Another Day, Another Bio-Titan

With the painting requirements of my Tyranid army drawing to a close, it’s come to the point where I need to paint my second Hierophant.

Being the second of these beasts for me to paint, I took into consideration some things that went well on the previous one, and some that … well… didn’t.

The first change was that I didn’t take as much time to build up shades of colors across the skin and armor. Originally, I had worked up through 3-5 color variations from Ultramarine Blue through Ice Blue on the skin tones, and striated the bone with stripes of dilluted white (Work in Progress pictures here). The thing is, now that he’s been dipped, I can’t really see any of those marks on the finished product.

So, I’vde decided to skip the shading process, and rely on the might of the stain to pick up my slack in that area. I guess I could’ve taken the effort to make the highlights even more extreme–so that they’d show through the stain, but I’m not sure just how extreme that would need to be. Regardless, I’ve chosen to go with the route less painted.

Image of innards and rear squad markings

It took me a little more than a day to paint, including primering, drying time, and a considerable amount of idle TV time (yay for football Sundays). I’m sure a better painter could’ve done the whole thing faster (and to a higher standard, no doubt), but I’m content with the end result.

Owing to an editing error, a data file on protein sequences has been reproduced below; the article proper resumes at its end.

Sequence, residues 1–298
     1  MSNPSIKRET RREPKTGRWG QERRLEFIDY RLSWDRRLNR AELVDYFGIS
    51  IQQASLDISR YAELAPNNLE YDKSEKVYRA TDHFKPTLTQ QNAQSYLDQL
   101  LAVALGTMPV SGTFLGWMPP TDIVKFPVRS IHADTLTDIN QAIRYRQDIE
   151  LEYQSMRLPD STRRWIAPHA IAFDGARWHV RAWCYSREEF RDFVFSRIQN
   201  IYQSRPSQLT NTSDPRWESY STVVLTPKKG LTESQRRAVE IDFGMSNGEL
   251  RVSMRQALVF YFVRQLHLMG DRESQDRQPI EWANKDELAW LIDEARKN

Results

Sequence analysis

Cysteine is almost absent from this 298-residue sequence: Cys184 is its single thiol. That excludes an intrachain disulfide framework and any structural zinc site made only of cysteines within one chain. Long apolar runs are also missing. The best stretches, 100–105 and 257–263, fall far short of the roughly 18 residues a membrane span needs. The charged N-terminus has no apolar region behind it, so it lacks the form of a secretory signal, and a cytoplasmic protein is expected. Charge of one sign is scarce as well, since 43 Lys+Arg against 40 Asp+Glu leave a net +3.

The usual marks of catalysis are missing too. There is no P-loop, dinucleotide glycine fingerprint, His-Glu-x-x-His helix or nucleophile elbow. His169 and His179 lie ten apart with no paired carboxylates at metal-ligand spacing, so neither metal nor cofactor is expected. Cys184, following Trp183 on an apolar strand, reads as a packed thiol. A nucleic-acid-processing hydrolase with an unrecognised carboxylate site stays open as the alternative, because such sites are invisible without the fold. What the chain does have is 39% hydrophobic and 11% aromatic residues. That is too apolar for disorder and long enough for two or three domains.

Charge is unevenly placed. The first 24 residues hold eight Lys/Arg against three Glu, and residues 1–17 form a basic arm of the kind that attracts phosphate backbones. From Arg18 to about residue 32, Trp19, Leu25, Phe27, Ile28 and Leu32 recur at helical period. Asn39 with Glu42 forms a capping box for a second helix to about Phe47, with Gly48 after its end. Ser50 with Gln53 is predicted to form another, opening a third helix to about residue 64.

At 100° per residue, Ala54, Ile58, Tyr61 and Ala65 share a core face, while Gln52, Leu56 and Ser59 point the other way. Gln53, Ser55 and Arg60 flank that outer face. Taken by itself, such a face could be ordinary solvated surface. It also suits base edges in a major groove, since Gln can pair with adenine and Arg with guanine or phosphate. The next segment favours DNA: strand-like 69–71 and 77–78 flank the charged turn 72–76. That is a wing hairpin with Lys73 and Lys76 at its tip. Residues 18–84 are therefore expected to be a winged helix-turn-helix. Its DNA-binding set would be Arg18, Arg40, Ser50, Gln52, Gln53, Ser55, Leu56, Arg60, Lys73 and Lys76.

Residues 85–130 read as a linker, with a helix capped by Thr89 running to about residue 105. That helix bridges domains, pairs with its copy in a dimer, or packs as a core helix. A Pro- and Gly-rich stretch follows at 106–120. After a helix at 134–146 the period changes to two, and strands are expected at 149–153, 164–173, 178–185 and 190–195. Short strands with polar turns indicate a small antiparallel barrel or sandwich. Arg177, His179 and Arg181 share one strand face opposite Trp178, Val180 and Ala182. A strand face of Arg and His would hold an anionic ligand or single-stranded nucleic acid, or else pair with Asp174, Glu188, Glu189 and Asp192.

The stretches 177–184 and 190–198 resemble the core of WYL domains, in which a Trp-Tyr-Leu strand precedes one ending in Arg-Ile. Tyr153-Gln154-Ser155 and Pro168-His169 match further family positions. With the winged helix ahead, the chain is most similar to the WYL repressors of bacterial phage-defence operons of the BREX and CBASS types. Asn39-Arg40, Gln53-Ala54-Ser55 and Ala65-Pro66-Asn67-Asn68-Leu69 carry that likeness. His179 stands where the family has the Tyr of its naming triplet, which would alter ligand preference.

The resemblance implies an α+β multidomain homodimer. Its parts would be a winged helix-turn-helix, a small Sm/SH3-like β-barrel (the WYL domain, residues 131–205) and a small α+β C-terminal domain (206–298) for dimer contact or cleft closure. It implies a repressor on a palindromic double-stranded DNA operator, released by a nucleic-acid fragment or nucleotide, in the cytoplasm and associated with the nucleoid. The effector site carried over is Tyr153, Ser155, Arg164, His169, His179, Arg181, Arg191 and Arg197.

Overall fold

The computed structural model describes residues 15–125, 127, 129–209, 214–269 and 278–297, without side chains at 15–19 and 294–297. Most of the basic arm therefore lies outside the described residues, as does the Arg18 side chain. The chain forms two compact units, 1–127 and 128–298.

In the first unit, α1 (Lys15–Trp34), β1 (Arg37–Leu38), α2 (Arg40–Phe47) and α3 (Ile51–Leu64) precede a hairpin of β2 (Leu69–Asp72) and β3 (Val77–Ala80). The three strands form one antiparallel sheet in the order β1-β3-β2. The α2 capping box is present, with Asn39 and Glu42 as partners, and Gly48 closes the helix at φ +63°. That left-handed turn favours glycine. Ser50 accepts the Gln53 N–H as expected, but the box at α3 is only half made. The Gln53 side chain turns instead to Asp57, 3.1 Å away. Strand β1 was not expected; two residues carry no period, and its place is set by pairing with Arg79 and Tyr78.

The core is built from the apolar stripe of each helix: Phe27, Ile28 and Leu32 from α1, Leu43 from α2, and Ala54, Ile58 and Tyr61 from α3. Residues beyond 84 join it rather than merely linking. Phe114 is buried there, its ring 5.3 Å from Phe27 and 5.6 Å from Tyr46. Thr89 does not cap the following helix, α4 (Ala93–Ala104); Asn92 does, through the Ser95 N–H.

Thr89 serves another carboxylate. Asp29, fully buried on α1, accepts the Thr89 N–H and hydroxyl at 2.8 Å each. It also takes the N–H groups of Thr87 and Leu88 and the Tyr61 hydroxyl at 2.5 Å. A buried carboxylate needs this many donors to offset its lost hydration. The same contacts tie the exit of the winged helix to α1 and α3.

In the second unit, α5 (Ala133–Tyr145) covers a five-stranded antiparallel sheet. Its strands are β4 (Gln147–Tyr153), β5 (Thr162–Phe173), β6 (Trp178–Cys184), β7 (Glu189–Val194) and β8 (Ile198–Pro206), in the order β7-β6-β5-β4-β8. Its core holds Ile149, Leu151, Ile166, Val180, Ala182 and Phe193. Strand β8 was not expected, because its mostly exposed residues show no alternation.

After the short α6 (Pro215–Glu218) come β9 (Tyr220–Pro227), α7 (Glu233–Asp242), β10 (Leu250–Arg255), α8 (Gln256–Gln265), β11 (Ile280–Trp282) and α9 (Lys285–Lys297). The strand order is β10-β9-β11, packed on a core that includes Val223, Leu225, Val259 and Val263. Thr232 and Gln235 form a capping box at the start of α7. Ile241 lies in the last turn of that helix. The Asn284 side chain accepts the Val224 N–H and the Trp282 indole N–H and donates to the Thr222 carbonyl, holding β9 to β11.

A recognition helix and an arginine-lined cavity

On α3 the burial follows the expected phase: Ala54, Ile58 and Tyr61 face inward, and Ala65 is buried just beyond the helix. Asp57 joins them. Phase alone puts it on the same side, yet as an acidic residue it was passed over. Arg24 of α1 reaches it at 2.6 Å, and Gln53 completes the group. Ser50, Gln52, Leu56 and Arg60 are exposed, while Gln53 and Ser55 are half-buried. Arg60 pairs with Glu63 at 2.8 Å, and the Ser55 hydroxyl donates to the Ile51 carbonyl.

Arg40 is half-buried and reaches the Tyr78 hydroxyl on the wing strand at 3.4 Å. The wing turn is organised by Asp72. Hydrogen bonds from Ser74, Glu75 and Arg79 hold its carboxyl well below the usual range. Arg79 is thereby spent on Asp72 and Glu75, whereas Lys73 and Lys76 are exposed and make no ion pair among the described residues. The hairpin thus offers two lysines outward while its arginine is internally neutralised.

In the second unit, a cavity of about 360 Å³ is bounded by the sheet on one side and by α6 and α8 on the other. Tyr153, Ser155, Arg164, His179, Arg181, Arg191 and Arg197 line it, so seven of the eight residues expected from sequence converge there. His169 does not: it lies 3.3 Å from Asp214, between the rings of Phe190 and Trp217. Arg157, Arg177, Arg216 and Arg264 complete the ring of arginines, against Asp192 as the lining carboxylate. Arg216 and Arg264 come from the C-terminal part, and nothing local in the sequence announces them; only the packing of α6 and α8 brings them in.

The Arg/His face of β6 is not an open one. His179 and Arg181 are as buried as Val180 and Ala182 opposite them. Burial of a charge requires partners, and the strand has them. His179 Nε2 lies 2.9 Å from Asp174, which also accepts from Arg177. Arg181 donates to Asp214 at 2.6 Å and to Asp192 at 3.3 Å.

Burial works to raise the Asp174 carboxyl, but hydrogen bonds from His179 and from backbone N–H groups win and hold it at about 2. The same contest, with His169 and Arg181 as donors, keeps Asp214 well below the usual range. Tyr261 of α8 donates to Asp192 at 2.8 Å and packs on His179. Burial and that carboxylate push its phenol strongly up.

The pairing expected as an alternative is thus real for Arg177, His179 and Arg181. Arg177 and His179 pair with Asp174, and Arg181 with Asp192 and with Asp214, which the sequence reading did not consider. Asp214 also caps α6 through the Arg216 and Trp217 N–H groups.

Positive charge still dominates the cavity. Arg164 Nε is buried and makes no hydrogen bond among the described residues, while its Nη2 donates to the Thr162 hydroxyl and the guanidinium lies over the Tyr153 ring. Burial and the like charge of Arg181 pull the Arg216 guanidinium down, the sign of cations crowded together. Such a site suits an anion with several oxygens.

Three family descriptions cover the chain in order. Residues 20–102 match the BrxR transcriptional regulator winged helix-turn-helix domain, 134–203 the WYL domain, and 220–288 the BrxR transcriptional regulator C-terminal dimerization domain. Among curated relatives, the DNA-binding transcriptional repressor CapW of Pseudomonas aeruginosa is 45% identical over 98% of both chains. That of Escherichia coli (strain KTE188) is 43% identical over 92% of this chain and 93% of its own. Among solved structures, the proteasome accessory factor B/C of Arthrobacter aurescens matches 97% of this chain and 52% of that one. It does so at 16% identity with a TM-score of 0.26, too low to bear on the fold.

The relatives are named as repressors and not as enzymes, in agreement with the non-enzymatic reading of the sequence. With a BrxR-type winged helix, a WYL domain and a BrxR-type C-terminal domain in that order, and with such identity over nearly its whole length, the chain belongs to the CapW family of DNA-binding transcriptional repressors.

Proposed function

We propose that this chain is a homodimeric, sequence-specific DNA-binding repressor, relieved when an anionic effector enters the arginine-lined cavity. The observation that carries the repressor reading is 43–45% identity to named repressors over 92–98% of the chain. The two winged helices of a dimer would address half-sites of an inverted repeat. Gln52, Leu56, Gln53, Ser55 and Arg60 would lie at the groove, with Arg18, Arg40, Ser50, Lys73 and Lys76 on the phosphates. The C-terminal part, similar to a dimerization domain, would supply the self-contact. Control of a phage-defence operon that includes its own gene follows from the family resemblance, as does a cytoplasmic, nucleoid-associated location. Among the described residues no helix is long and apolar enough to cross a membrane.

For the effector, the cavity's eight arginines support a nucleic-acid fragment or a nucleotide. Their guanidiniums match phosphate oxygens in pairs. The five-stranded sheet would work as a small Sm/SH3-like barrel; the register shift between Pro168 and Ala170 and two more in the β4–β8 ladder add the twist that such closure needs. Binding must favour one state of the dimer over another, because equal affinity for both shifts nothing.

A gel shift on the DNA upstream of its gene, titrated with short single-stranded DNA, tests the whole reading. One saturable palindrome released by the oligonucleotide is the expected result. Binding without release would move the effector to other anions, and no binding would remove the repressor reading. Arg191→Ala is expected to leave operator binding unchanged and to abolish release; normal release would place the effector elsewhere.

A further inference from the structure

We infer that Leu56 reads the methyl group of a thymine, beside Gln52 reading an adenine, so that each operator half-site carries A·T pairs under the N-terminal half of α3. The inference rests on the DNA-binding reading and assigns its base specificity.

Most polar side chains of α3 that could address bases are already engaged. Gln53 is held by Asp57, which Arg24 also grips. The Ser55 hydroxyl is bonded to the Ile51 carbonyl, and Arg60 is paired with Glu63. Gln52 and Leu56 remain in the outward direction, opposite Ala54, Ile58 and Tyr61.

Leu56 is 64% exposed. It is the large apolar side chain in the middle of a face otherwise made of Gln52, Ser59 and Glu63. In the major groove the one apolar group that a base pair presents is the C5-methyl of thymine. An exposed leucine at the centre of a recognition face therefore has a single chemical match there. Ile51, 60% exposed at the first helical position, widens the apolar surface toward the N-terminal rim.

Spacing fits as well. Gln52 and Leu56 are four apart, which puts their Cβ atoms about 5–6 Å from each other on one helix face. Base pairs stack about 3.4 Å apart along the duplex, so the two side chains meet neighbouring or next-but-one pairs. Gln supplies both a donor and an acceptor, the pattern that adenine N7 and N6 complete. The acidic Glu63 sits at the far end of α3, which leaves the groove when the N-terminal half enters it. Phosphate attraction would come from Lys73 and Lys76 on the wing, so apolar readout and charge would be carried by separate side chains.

I went entirely with the same color scheme as I did on the first one, but opted to include “squad coloring” that I’ve been doing on my models. While I could’ve gone with the basic striping used on my gaunts, I felt the larger model needed something a little special, so I went with the same polka-dot pattern that I used on my third Trygon.

Except I never posted a picture of that model, did I?

Well, trust me, he’s bespeckled with little blue dots as well. So, why did I bother to leave squad markings on gargantuan creatures that obviously will never be in squads?

The answer is that I just wanted a way to distinguish them on the table. Granted, I don’t ever think there’ll be enough Hierophants in a game that I’ll get woefully confused as to which is which. Likely, I could’ve just annotated their wounds on a sheet of paper labeling one as “left” and one as “right,” but this gives them a little character, and sets them apart. Besides, I think the squad markings really pop when stained.

If you’re wondering why I put squad markings on one of my Trygons, but not the other, it’s because they’re different. Of the three I own, two are the newer plastic models, and one is a classic resin style. The resin one is slightly shorter, and his arms were miscast, so I used smaller variety scything talons (a la the Mawloc). Since I’ve magnetized all of their arms, and didn’t want to get them mixed up with the larger variety, I decided to use “squad markings” to differentiate.

By the way, did anyone else like the phrase “A la the Mawloc” used above? I know I sure did!

Well, that about does it for models to be painted… now it’s on to the dipping station!


18 comments on “Another Day, Another Bio-Titan

  1. So! Jealous! Send me one of them, you greedy pig! You can’t possibly need TWO!